Photo: Mouawad, Geneva. In the vast majority of New Mine and placer stones, the blue faces have been corroded away. Rather than having flat, well-formed faces, most have deeply pitted faces; thus the colored areas are, by and large, missing due to surface corrosion. When the faces are intact, fine stones can be cut. This fact alone may account for the great scarcity of fine Kashmir sapphires, as the Old Mine, where evenly-colored stones were apparently more common, has produced virtually nothing since Probably the only detailed description ever recorded of Old Mine material was that of Grahame Young of Kulu, which is reproduced here:.

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The above was written prior to the discovery of either the New Mine or valley placers. Extrapolating, we can surmise that at least some Old Mine material contained substantial internal coloration nos. From this location of color in the crystal, we can further extrapolate that the polished shapes of those Old Mine stones with substantial internal color would differ from New Mine stones.

In fact, many of the Kashmir sapphires today sold at auction are cut as "sugarloaf" cabochons. While this is in contrast to Tank's statement that Kashmir sapphires generally remain thick after cutting, he was probably familiar only with New Mine material. The author's own experience with New Mine material also agrees with Tank's, in that gems are often strongly zoned and cut with deep pavilions, similar to Sri Lankan ottu sapphires. But apparently the Old Mine produced some material which would allow both more even coloration and, thus, stones cut to normal proportions. In summary, it is impossible to say, based on evenness of coloration and shape, that an individual stone came from the Old or New Mine.

Both mines produced the ottu -type material so similar to that from Sri Lanka. But based on the historical record, the Old Mine appears to have produced far more of the top-grade, evenly-colored material. Heat treatment can produce dramatic results with Kashmir sapphire. One large lot examined by the author both before and after burning showed a success rate better than even the best Sri Lankan geuda material.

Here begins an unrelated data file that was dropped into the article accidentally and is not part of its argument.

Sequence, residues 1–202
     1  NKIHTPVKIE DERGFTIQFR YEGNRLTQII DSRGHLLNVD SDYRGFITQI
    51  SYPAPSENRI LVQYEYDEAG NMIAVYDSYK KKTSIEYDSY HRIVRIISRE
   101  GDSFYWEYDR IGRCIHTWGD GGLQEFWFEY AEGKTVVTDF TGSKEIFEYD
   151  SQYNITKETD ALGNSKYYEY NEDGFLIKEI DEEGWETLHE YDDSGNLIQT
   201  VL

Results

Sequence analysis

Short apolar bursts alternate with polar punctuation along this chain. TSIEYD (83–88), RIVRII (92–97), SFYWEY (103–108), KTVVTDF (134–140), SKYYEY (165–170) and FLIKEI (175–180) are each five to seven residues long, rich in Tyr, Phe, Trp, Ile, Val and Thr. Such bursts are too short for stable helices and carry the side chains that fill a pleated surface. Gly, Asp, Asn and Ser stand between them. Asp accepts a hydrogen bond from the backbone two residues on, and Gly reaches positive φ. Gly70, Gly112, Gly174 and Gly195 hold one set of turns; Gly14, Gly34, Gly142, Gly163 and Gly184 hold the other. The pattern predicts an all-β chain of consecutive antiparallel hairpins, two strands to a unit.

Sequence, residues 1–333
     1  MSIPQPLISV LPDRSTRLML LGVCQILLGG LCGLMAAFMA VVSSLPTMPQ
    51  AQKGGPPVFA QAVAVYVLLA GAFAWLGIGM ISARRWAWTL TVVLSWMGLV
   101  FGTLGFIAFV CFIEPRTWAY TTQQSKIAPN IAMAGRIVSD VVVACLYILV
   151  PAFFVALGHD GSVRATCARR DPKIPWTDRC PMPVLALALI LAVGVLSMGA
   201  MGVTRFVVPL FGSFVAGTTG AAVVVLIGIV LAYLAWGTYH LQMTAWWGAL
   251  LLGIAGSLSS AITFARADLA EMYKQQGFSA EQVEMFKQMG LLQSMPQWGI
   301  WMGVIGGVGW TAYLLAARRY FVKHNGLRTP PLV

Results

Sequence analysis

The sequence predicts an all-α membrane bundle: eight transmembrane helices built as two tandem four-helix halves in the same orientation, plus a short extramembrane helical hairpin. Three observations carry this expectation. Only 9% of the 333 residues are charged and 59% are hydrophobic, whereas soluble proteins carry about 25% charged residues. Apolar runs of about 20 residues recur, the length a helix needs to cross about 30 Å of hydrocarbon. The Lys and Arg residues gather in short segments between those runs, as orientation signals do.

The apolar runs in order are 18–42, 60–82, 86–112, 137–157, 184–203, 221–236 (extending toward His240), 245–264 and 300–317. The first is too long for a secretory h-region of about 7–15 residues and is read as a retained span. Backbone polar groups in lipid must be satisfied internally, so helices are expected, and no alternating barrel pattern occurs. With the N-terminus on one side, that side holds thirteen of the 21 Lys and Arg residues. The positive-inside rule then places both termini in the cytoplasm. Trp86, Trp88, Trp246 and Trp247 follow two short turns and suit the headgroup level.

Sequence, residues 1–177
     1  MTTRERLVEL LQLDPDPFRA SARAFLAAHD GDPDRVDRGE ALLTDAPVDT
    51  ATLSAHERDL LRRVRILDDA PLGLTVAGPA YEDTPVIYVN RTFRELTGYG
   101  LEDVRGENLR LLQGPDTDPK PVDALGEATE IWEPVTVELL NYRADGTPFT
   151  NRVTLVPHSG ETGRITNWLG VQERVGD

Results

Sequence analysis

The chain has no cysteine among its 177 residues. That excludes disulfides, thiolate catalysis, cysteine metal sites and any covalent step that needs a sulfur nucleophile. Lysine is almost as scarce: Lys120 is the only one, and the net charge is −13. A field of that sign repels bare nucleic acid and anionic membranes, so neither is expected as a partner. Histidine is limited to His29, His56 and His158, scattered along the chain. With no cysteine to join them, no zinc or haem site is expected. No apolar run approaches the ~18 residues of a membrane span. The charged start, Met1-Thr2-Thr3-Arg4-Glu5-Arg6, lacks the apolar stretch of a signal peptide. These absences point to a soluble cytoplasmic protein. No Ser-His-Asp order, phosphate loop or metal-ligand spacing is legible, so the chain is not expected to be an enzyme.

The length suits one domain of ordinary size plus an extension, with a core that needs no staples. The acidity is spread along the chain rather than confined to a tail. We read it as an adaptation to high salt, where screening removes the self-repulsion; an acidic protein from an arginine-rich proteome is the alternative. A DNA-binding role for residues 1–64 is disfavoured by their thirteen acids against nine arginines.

Nearly every piece had been transformed to a rich blue color. Why aren't we seeing this material in the market? The answer is simple. No rough. Even low-grade material is scarce, and no mining is being done at present. Kashmir sapphires bear a strong resemblance to those of Sri Lanka, with almost all being spindle-shaped hexagonal bipyramids. Some of these are flattened slightly.

However, the Kashmir stones often consist of intergrowths, with one crystal twisted around another, or even as multiple intergrowths of as many as ten or more crystals grown together in a single mass. Kashmir sapphire rough is easily recognized due to its distinctive mode of occurrence. Coated with a white clay-like matrix, which fills the pits of heavily corroded surfaces, this clay-like material also appears to be included in many stones with irregular cavities just beneath the crystal surfaces. So tenaciously does it cling to the skin that hydrofluoric acid is required for its removal.

Kashmir sapphires contain solid inclusions of a number of types, but these are generally small, requiring magnifications of up to x to resolve their morphology. Most distinctive are the small, slightly corroded, colorless crystals of zircon. Commonly adhering to these are tiny black crystals of uraninite. Uraninite also occurs alone, typically with radiating stress fractures.

How to Sieve for Gemstones - Sapphires and Zircon - Liz Kreate

Occurring with the sapphires are dark green and brown prisms of tourmaline. These may be found growing right up against the sapphire and are occasionally included within the gem itself. Euhedral allanite crystals have also been encountered, as well as long needles of pargasite amphibole. Specimens examined by the author have also displayed inclusions of what appears to be mica.

Unidentified brown crystals of large size have been seen by the author in one specimen. Among the most distinctive inclusions of the Kashmir sapphires are the negative crystal guests. These tend to occur in patterns and in many cases contain small black crystals growing within. These black crystals are prismatic in habit and may possibly be tourmaline. The negative crystals containing black crystals within represent the most distinctive inclusion feature of the Kashmir sapphires examined by the author.